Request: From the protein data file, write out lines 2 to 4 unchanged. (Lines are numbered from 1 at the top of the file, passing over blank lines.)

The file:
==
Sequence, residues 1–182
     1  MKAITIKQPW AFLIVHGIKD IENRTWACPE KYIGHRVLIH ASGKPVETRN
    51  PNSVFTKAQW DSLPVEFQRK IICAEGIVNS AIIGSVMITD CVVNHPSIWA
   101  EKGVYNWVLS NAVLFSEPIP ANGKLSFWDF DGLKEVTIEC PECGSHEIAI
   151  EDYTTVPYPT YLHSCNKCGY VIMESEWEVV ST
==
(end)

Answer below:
     1  MKAITIKQPW AFLIVHGIKD IENRTWACPE KYIGHRVLIH ASGKPVETRN
    51  PNSVFTKAQW DSLPVEFQRK IICAEGIVNS AIIGSVMITD CVVNHPSIWA
   101  EKGVYNWVLS NAVLFSEPIP ANGKLSFWDF DGLKEVTIEC PECGSHEIAI